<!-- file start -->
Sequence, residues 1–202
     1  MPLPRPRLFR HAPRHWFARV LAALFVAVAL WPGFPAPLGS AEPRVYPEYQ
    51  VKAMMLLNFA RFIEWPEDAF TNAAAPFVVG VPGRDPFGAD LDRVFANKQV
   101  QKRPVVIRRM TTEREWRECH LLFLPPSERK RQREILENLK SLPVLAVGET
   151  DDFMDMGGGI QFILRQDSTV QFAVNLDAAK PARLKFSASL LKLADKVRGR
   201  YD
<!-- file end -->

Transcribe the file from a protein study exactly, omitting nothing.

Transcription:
Sequence, residues 1–202
     1  MPLPRPRLFR HAPRHWFARV LAALFVAVAL WPGFPAPLGS AEPRVYPEYQ
    51  VKAMMLLNFA RFIEWPEDAF TNAAAPFVVG VPGRDPFGAD LDRVFANKQV
   101  QKRPVVIRRM TTEREWRECH LLFLPPSERK RQREILENLK SLPVLAVGET
   151  DDFMDMGGGI QFILRQDSTV QFAVNLDAAK PARLKFSASL LKLADKVRGR
   201  YD